Atopic Dermatitis Versus Contact Dermatitis

How to Tell the Difference

Eczema can be caused by different forms of dermatitis, most commonly atopic and contact dermatitis.

I see many patients in my office for both atopic dermatitis and contact dermatitis. In many instances, the difference between these two diseases is quite obvious; in other cases, not so obvious. Some of my patients can even have both atopic and contact dermatitis at the same time, which is even more difficult to assess. While there are many similarities between these two common conditions, there are some important differences especially when it comes to the causes of the dermatitis.

Similarities Between Atopic and Contact Dermatitis

Both atopic and contact dermatitis are forms of eczema. Eczema is not a diagnosis – rather, eczema refers to the actual rash that occurs as a result of these conditions. There are generally three different phases of eczema – acute, sub-acute and chronic. Acute eczema is characterized by itchy blisters (vesicles) on inflamed, red skin. Sub-acute eczema is an itchy, dry, flaky, crusting or oozing of the skin. Lastly, chronic eczema is characterized by lichenification, a leathery thickening of the skin that occurs as a result of chronic scratching.

A skin biopsy of both atopic and contact dermatitis will show similar features, namely spongiotic change of the epidermis, which is a swelling of the epidermal skin cells and appears like a sponge under a microscope. Therefore, a skin biopsy will not differentiate between these two conditions.

Differences Between Atopic and Contact Dermatitis

There are many important differences between atopic and contact dermatitis, with the most important (in my opinion) being the susceptibility of a person to develop the condition.

A person with atopic dermatitis often has a genetic mutation in a protein in the skin called filaggrin. A mutation in filaggrin results in a breakdown in the barriers between epidermal skin cells, leading to dehydration of the skin as well as the ability for aeroallergens (such as pet dander and dust mite) to penetrate the skin.

These aeroallergens result in allergic inflammation and a strong itching sensation. Scratching further disrupts the skin and causes more inflammation and more itching. An underlying propensity for allergy can also cause eczema to develop as a result of eating a food to which a person is allergic, causing T-lymphocytes (a type of white blood cell) to migrate to the skin and resulting in allergic inflammation in the skin.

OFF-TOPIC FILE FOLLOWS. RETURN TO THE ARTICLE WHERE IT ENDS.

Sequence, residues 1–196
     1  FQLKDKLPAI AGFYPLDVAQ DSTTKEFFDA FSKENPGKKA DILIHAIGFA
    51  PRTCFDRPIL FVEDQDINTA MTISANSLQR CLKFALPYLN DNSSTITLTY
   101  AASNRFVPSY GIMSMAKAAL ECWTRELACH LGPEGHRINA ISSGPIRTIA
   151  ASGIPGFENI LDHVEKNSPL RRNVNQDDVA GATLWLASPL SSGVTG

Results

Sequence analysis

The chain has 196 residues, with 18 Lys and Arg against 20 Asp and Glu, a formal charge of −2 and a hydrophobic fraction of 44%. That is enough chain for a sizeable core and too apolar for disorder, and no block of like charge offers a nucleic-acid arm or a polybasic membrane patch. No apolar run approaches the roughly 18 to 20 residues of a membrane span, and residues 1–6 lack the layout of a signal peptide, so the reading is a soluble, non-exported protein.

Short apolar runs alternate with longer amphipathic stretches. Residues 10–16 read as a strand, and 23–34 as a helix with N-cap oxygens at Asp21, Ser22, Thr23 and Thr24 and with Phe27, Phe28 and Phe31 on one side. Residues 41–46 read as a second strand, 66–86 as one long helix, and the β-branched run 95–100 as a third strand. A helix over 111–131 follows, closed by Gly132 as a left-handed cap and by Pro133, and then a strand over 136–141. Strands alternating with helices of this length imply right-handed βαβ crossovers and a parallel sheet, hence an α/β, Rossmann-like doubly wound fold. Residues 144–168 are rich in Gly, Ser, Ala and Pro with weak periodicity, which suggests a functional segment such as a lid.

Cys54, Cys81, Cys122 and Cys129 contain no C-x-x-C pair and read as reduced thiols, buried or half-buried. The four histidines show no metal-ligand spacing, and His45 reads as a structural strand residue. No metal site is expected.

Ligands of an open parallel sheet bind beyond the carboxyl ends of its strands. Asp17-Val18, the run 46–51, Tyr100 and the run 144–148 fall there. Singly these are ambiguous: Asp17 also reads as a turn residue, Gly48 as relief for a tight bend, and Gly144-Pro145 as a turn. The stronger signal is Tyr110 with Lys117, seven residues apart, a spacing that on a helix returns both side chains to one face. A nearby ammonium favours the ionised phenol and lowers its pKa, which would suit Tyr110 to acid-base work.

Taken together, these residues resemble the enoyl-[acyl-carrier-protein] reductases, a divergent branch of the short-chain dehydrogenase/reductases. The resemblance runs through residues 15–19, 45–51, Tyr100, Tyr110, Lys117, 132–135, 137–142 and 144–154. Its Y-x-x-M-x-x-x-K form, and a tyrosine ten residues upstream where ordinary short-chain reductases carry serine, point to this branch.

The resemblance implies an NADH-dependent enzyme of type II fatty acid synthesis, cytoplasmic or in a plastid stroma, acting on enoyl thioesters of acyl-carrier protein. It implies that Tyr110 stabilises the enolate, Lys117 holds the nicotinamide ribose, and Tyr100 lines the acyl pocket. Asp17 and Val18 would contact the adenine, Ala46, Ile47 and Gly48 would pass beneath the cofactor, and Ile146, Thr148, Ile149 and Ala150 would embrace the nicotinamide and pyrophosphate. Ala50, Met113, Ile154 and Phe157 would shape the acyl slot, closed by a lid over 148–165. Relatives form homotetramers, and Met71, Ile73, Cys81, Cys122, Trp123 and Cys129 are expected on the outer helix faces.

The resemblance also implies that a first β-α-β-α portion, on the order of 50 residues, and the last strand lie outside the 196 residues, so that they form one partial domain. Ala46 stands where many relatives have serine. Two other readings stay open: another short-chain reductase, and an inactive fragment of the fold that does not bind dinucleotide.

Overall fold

Without these underlying propensities (filaggrin mutation and/or propensity for allergies), a person is unlikely to develop atopic dermatitis. Contact dermatitis, on the other hand, is due to a reaction to a chemical exposure directly on the skin. Contact dermatitis occurs in the majority of the population to poison oak (approximately 90%), and is also common to nickel, cosmetic agents and hair dye. A person still must have the ability of their T-lymphocytes to recognize a chemical as a foreign substance and react to it in order to develop contact dermatitis.

The age of a person experiencing atopic dermatitis is an important distinction between these two conditions: Most people developing atopic dermatitis are 5 years of age or younger, while contact dermatitis is less common in young children.

The location of the eczema is an extremely important clue when differentiating between atopic and contact dermatitis. Atopic dermatitis most classically involves the flexural locations of the skin, such as the folds of the elbows (antecubital fossa), behind the knees (popliteal fossa), front of the neck, folds of the wrists, ankles and behind the ears. The flexural areas are most often involved in older children and adults because these areas are easiest to scratch. Since atopic dermatitis is an itch, that when scratched, results in a rash, it makes sense that the locations easiest to scratch will be the areas that develop a rash. On the other hand, contact dermatitis occurs at the site of chemical exposure, and therefore can virtually be anywhere on the body.

Diagnosis of Atopic Versus Contact Dermatitis

The diagnosis of atopic dermatitis involves the present of eczema, the presence of itching (pruritus), and the presence of allergies. Allergies are diagnosed using skin testing or blood testing, and therefore atopic dermatitis is an allergic rash. The diagnosis of contact dermatitis involves the presence of eczema, which is usually itchy, and the ability to determine the trigger with the use of patch testing. Contact dermatitis isn’t caused by an allergic process, but as a result of T-lymphocyte mediated delayed type hypersensitivity.

Regardless if the eczema is from atopic dermatitis or contact dermatitis, identifying and avoiding the cause if the main treatment modality.

Sources:

Beltrani VS, Bernstein IL, Cohen DE, Fonacier L. Contact Dermatitis: A Practice Parameter. Ann Allergy Asthma Immunol. 2006;97:S1-38.

Atopic Dermatitis Practice Parameters. Ann Allergy Asthma Immunol. 2004;93:S1-21.

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